INTEGRAL to Scottish Labour’s tax proposals is the “rebate” to low earners.
This is to get round the fact that currently the Scottish Government can vary income tax rates only by the same amount in each of the existing bands. Does it have the authority to authorise such a payment and is it known if this device to subvert the legislation would go unchallenged by the UK Treasury?
Craigleith Drive, Edinburgh
Party political competition to raise an extra penny in income tax masks the question how well are our pennies being spent on existing services.
Councils are told to freeze rates yet council tax only raises 12 per cent of their budgets, the NHS 24 IT system looks like costing another £50 million, schools are short of teachers and Police Scotland, created to save money, has a black hole in its accounts. Cutting back on repairs led to Forth Road Bridge closure – and now we learn Amazon got almost as much in grants from Holyrood as it paid in tax last year.
It is not the size of Scotland’s government but whether it is working.
Downie Grove, Edinburgh
Alexander McKay (letters, 8 February) inverts reality with his letter. What the SNP have done by refusing to advocate an income tax rise is learn from a previous mistake. This has shown that the party can at least learn from previous errors, albeit slowly.
By trying to win an election with a policy that ensured the SNP lost a previous election, Labour have gone far beyond alleged hypocrisy and passed into actual idiocy.
Victoria Road, Falkirk
Mary Thomas is quite right when she says the limited levers currently available to the Scottish Government are inadequate to build a fairer Scotland – although if the SNP government would only use them, they could at least make a good start.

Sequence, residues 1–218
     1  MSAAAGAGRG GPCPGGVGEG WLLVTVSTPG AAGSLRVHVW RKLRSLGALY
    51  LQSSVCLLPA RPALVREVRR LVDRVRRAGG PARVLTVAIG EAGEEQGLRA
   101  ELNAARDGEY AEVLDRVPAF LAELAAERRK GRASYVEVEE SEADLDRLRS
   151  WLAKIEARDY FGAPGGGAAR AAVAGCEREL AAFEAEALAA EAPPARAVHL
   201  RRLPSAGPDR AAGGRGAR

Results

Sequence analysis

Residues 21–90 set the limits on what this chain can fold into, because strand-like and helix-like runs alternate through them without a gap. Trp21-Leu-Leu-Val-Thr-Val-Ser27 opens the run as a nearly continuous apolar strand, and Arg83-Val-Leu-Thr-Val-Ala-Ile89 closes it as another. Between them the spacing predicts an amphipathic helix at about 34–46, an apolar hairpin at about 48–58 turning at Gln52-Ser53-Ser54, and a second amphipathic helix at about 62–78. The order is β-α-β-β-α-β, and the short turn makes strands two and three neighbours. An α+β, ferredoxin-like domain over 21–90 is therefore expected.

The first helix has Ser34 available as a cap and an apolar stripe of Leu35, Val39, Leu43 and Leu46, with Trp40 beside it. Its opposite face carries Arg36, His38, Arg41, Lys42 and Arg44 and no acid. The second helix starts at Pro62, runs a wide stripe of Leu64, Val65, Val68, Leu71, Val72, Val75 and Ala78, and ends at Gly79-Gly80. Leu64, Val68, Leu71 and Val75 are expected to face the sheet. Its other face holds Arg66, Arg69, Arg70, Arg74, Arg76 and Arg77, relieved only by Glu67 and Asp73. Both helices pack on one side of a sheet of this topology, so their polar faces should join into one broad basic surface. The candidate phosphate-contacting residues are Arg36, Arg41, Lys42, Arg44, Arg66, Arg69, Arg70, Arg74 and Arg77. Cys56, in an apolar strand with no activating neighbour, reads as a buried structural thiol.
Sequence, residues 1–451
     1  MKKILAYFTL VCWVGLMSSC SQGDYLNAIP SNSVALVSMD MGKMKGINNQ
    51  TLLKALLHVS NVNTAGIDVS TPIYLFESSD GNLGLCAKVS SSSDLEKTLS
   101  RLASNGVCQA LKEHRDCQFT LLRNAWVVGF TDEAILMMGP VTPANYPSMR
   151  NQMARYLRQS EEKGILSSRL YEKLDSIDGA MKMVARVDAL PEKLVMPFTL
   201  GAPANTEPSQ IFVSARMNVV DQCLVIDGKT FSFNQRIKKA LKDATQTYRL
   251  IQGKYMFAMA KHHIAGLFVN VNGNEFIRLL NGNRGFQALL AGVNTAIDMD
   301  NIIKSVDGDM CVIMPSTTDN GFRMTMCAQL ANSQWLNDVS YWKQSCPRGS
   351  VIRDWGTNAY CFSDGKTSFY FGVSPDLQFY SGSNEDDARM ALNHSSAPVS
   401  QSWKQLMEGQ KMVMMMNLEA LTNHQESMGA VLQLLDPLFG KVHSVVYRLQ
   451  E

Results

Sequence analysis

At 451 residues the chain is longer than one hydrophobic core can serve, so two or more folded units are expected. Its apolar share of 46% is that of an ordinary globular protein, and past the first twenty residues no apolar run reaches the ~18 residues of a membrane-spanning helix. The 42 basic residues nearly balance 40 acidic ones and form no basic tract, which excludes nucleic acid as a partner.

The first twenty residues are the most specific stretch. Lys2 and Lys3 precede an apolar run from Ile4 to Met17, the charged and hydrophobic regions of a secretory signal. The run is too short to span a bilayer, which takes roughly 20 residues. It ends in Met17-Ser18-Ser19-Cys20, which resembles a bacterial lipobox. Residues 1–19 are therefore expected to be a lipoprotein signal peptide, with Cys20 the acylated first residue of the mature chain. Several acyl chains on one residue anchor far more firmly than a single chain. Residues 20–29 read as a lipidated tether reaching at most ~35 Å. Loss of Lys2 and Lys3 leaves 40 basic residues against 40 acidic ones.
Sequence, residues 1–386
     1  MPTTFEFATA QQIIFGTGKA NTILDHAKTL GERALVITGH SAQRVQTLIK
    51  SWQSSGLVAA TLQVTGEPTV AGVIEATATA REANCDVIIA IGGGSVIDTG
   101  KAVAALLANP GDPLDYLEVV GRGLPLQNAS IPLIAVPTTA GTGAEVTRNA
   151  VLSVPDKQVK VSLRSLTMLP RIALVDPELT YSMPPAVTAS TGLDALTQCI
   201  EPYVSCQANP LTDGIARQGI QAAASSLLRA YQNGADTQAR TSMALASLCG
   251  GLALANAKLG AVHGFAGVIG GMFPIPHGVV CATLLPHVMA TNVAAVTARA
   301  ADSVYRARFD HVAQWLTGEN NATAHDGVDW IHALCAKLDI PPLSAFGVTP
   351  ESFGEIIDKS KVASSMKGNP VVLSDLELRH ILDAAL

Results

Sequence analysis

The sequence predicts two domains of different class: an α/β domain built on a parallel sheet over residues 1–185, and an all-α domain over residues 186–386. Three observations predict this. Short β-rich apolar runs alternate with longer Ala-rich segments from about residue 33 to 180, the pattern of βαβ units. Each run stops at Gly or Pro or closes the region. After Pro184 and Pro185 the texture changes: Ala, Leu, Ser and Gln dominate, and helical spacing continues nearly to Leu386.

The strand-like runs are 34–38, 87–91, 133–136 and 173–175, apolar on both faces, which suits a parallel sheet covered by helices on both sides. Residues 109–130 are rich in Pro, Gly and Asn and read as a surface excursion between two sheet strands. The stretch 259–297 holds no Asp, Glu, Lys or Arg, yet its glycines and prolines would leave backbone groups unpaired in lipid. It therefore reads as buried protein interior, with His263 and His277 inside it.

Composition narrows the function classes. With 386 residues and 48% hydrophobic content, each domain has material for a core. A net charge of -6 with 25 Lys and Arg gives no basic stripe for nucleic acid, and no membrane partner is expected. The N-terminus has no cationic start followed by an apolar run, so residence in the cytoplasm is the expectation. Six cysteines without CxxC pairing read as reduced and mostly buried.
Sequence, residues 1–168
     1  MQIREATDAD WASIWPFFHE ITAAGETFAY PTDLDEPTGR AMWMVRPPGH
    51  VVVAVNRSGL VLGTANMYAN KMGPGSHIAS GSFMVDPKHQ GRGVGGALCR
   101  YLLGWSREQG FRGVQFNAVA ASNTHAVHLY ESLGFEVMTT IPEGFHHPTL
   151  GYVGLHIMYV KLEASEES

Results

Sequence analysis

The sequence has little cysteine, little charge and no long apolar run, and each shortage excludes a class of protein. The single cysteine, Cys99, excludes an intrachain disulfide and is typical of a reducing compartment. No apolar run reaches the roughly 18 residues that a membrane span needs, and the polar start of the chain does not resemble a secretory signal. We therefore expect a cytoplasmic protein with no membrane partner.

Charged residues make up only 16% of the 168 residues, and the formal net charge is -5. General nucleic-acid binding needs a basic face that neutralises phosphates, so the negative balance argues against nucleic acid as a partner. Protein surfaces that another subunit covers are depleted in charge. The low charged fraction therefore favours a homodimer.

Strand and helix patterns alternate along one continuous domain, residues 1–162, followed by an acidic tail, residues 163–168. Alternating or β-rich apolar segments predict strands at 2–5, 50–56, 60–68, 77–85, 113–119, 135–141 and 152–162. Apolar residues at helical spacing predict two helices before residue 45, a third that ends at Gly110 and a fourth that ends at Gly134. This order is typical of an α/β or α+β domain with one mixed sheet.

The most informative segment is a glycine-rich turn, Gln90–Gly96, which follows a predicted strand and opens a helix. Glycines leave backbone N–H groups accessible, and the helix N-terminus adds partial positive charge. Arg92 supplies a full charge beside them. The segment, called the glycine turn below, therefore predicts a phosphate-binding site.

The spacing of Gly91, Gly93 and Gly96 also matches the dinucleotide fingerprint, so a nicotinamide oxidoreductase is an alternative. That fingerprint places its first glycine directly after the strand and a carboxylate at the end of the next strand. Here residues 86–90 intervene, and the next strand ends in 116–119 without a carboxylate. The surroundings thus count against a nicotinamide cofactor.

Alas she is not as correct when it comes to tax; here she appears to have fallen for the SNP’s deception. A full-time employee on the minimum wage would indeed face a 5 per cent tax rise, but this would only constitute £20 a year. Contrast that with Nicola Sturgeon, who on her higher salary faces “only” a 2.7 per cent increase – £1,447 a year. This is definitely progressive.
Douglas Turner is correct (Letters 8 February) in pointing out “confusion” in my statement that under Labour’s tax proposals those earning under £20,000 would pay “nothing”. I should have made it clear that that figure was net. They would all, of course, pay tax but the £100 rebate would be equal to or greater than their tax contribution.
I hope Mr Turner will accept my explanation that any “confusion” was the result of carelessness of expression rather than conscious misrepresentation. May I also ask Mr Turner to similarly cast his sharp eye over SNP leaders’ claims that Labour’s proposal would “hit the vulnerable” and to explain whether they, like me, are simply “confused” or are trying to mislead the Scottish electorate deliberately?
Braid Hills Avenue, Edinburgh
Douglas Meyer suggests (letters 8 February) that as devolution was introduced by a Labour government, all subsequent cuts imposed by the devolved SNP government are really Labour’s fault. Good pantomime stuff. Stan Grodynski’s letter includes the phrases “is it fair” and “without providing Scotland with...”. Why should we wait for anyone to provide us with anything? Other letters – lots of them – are obsessed with the current row over income tax. All of this is, in the literal sense, pathetic. Scottish politics seems unable to break free from introspection and constitution, and the never ending whinge about how unfairly we are treated.
Graham M McLeod